(4) The learned District Judge bases his discussion mainly on his personal inspection. That part of the judgment which is relevant for the purpose runs thus:
'There was a personal inspection made by necessary after hearing both sides on 7.10.1950 and on this occasion, I noted that the rafters on which the roof of the plaintiff's house rests were protruding into this common wall throughout including the portion along D.W. 1's house on the other side. The facts noticed by me at the personal inspection show that the plaintiffs case that the wall is common to him and the defendants is true that the evidence produced on the side of the defendants cannot be true and that the wall is not the exclusive property of the defendants'.
This indicate, that the learned judge has given importance by his personal inspection of the spot and to that he has observed at that time. in fact, he uses his observation as against the evidence in the case. This is not warranted either in the procedure or in law.
(5) Personal inspection by the presiding judge is set out in Order 18 Rule 18 of the Code of Civil Procedure which runs as follows:-
'The Court May at any stage of a suit inspect any property or thing concerning which any question any arise. No where it is laid down that the observation of the judge at the time of the inspection could be substituted as evidence ion the case and a judgment based on the same. In fact, there are certain cases which discourage such a procedure following the case of the Privy Council of Kessaowji v. G.I.P. Rly. Co. H.R. 31 Bom 381 (P.C.) The learned Judges of the Bombay High Court inspected the spot to find out whether the plaintiff in the case is entitled to got damages by the fall from a train and based their decision on those observations. This course was disappeared by their Lordships of the Privy Council. They held that the case was decided not on the testimony given as to what took place on the night of the accident but by judges' observation s of what they saw on another note altogether.
(6) In a Bench decision of the Calcutta High Court in Raj Chandra Banik v. Iswar Chandra Banik : AIR1925Cal170 was held as follows:-
'Though the present Code empowers the Court to go on local inspection of any property in respect of which it is called upon to decide a question in controversy, it is still the duty of the Court not to make the result of each inspection the foundation of its judgment which must be based upon evidence adduced by the parties, it does not entitle the judge to put his view obtained by means of such inspection in place of evidence. The Judge is to hold such inspection for the purpose of better following and understanding the evidence adduced before him or to test its accuracy. The Code nowhere lays down that the result of a local enquiry must be placed on record'.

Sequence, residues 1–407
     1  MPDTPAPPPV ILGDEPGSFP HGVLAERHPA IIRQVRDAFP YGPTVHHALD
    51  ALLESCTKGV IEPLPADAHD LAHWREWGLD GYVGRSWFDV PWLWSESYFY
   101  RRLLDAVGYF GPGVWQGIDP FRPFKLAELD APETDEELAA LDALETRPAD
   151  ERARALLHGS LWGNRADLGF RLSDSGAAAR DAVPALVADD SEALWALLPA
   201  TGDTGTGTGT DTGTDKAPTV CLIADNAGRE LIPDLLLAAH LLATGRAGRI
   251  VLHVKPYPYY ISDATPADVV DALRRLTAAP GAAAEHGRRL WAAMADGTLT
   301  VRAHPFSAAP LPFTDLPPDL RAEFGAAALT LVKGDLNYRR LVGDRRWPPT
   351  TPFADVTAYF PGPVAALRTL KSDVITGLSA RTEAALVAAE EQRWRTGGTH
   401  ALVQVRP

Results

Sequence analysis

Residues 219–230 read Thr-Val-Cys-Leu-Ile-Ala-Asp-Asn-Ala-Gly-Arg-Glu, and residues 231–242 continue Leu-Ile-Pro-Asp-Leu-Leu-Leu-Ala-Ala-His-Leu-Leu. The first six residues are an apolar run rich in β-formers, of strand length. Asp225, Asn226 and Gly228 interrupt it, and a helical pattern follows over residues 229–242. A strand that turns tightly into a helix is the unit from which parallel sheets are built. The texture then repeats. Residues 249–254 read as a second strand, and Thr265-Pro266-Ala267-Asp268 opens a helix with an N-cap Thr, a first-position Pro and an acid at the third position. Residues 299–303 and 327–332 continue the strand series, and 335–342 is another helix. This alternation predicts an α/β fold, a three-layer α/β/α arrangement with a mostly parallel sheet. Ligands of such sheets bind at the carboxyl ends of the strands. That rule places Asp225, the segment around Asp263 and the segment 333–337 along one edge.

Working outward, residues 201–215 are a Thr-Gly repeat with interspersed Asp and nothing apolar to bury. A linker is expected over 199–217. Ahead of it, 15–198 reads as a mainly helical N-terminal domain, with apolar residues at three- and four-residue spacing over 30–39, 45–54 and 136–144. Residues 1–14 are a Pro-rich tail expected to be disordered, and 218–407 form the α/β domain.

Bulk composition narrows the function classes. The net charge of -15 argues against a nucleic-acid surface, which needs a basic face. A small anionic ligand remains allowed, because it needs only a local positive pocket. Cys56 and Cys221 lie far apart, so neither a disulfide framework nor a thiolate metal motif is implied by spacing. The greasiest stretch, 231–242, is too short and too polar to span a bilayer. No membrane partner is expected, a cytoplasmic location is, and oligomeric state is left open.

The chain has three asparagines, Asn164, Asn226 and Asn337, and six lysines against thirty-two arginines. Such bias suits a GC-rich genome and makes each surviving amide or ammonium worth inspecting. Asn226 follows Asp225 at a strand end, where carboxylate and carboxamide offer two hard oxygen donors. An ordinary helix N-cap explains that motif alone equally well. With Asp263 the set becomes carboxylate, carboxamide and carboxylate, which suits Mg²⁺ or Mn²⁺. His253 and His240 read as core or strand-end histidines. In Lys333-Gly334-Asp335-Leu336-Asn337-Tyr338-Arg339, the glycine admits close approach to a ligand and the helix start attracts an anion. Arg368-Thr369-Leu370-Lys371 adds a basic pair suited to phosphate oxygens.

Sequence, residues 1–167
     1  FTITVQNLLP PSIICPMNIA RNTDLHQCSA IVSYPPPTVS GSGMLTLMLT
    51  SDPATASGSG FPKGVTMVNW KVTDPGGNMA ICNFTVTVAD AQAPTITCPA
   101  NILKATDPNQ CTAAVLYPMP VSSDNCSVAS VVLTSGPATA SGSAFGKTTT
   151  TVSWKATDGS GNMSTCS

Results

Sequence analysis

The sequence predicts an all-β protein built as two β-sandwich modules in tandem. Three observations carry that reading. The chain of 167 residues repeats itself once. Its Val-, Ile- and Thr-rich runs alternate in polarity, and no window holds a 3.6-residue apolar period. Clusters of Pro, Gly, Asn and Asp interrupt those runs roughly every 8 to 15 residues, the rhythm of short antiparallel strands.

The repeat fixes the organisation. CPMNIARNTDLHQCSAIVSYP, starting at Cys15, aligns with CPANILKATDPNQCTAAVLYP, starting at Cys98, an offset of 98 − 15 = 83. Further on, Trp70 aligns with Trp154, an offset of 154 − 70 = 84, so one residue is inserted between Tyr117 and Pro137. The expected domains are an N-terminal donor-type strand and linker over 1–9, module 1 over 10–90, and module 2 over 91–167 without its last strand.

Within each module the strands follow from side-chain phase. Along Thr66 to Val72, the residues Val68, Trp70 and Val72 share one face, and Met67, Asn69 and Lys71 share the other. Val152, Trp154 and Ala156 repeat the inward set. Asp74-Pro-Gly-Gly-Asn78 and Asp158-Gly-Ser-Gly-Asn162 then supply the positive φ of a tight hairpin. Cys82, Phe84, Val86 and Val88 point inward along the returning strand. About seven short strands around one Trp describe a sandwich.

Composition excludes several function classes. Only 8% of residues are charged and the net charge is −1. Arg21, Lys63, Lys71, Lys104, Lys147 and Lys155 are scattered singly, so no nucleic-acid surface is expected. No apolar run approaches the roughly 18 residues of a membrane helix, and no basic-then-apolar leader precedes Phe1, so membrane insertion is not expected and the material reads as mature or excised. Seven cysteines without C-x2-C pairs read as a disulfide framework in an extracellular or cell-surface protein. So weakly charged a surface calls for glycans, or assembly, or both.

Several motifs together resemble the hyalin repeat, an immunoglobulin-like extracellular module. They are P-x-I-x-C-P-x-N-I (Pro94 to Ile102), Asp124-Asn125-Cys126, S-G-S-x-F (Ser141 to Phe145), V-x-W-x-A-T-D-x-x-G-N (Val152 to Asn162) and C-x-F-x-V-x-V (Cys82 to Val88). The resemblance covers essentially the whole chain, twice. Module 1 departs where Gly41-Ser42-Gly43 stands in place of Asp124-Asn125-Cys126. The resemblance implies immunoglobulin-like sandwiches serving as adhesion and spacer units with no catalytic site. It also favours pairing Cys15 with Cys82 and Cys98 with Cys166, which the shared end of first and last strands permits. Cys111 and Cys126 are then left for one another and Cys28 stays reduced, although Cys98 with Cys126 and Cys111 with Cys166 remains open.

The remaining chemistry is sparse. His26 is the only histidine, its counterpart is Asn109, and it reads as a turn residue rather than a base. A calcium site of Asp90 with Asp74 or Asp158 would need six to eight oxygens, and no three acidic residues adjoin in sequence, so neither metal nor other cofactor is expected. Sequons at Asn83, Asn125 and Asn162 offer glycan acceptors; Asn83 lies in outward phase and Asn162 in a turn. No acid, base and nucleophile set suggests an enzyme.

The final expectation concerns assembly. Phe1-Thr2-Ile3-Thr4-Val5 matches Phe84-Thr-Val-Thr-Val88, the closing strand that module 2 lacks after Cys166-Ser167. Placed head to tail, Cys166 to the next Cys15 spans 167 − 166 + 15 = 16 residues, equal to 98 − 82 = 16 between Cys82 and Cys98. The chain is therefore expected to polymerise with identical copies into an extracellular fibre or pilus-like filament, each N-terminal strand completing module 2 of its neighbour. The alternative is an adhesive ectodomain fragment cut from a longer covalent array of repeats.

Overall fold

The limits to which the views of the judge on inspection could be used are laid down in this decision. They can be used only for the purpose of better following and understanding the evidence adduced in the case or to test its accuracy. But it is not the purpose of such inspection to be substituted as evidence in the case or to contradict the evidence placed before Court and make it the foundations of the judgment.
Similar at the observations in the cases of Mohammed Ishaq v. Balmakund Lal : AIR1929All116 , Guju Mahto v. Jogendra Nath, AIR 1935 Pat 457, Abdul Bagi v. Fakhrul Islam, AIR 1937 Pat 333 and Hari Prasad Sahu v. Ropna Kharia, AIR 1938 Pat 288.
To my mind it appears that a salutary rule of law has been laid down in these cases, otherwise there is every possibility of the personal inspection of the Court being substituted as evidence in the case to the defendant of the parties because of the fact that they have no right to test the correctness of the learned Judge's observation at the time of the inspection by means of cross-examination.
(7) In the result, this appeal is allowed. The decree and judgment passed by the learned District Judge are set aside and those of the District Munsiff restored. As the respondents are underrepresented, I order that each party should bear their respective costs of this appeal.
(9) Appeal allowed.